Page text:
The most awesome privilege

I picked up a copy of John Stott’s preaching book, Between Two Worlds. It was published in 1982, but does not feel dated to me. Perhaps Indiana in 2012 is like England in 1982 when it comes to preaching and the life of the church.

At the heart of his book on preaching, Stott calls for two things: conviction and bridge-building.

First, he pleads for preachers to have conviction. Conviction about who God is and does. Conviction about the authority and inspiration of the Bible. Conviction about the need for preaching pastors in the life of the church.

Second, he summons preachers to be bridge-builders, connecting the Bible to the life of the people who gather to hear it read and expounded upon. He knocks conservatives for preaching the Bible without making any connections to the world in which people live. He knocks liberals for preaching the questions and concerns of the world without significant contact with the Bible.

While his second point resonates, it is his first point about conviction that hits most home for me. So much of the preaching advice and counsel I read these days suggests we need to start with an acute awareness of the doubtfulness of what we preach. The congregation  gives the Bible no real authority, and certainly does not give the preacher any, so we must approach them at angles and lure them with promises that what we offer will make their lives better.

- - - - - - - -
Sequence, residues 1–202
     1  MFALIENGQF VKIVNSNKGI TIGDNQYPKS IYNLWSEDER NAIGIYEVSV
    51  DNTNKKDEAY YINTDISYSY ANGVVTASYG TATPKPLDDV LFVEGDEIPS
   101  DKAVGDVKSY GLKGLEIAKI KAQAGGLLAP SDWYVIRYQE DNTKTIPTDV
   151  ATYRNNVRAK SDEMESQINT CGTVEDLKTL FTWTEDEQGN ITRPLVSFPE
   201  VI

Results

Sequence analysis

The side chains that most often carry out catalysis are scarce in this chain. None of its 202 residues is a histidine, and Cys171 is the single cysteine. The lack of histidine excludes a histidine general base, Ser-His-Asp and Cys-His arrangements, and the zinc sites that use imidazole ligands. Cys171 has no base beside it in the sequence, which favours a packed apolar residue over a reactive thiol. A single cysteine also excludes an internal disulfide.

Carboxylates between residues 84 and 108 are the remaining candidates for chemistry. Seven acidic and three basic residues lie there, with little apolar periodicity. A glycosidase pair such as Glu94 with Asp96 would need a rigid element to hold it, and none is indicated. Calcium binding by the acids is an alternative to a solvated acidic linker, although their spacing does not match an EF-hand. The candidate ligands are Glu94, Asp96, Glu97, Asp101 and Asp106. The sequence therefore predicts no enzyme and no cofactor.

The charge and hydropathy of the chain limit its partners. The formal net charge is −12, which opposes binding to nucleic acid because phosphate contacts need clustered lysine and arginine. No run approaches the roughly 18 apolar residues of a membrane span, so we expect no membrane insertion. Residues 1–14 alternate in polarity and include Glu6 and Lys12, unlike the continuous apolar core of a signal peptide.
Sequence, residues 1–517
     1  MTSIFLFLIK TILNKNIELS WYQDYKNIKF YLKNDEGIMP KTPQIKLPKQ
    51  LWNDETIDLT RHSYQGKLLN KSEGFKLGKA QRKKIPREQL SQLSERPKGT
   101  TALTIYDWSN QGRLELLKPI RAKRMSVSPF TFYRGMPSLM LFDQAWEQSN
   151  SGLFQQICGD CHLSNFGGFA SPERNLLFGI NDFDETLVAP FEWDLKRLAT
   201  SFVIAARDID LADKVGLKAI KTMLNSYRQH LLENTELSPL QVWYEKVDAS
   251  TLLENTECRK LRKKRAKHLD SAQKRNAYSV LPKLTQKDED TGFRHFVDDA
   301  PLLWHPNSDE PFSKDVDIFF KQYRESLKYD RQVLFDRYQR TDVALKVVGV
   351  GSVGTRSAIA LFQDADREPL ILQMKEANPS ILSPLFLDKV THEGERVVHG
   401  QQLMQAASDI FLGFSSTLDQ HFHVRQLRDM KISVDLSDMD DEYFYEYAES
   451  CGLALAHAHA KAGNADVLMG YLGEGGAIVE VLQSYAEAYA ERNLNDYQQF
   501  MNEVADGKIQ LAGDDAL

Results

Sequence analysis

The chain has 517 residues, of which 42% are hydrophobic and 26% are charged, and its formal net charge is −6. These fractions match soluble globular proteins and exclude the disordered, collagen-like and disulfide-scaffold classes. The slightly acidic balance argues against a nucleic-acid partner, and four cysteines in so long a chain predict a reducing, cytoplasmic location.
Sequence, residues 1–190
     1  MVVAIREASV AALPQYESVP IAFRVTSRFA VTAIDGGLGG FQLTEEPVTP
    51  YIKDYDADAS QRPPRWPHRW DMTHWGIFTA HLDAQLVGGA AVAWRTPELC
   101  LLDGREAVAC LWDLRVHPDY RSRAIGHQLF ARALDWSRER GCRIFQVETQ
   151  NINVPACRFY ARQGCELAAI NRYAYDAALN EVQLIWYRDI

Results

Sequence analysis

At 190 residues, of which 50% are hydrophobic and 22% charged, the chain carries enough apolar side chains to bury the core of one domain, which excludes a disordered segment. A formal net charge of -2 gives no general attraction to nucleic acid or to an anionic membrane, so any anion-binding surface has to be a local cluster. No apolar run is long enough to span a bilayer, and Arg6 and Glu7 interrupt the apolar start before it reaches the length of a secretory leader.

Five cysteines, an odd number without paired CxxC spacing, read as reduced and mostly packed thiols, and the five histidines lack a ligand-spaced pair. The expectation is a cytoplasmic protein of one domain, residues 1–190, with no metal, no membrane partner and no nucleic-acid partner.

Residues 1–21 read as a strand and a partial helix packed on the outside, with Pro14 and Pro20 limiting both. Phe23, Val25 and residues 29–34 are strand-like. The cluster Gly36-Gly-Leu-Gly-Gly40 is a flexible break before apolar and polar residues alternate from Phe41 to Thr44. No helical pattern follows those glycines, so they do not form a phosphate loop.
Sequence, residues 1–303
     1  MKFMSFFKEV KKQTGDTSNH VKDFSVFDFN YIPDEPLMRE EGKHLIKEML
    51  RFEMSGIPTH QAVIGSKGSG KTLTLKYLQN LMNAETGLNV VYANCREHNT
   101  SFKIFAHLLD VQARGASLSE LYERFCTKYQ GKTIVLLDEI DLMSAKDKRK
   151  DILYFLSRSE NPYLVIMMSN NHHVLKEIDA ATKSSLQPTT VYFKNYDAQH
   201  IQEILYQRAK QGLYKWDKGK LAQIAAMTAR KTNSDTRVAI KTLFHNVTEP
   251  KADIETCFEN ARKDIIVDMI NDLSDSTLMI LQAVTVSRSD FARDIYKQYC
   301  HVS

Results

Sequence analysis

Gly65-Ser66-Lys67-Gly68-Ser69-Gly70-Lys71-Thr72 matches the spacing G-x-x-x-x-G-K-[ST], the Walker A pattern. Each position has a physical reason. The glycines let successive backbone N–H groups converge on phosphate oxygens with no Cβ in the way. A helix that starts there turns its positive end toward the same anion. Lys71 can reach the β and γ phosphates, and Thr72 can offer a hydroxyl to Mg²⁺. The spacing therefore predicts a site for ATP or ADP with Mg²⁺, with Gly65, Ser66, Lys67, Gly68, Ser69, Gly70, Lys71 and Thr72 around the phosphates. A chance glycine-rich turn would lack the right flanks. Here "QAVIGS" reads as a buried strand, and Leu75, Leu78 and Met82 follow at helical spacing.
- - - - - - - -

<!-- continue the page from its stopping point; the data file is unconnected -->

Stott argues counter to this. He writes that preaching must emerge from strong convictions about God, Scripture, the church, the pastorate, and preaching itself. If it does not, he writes, it is folly and arrogance.

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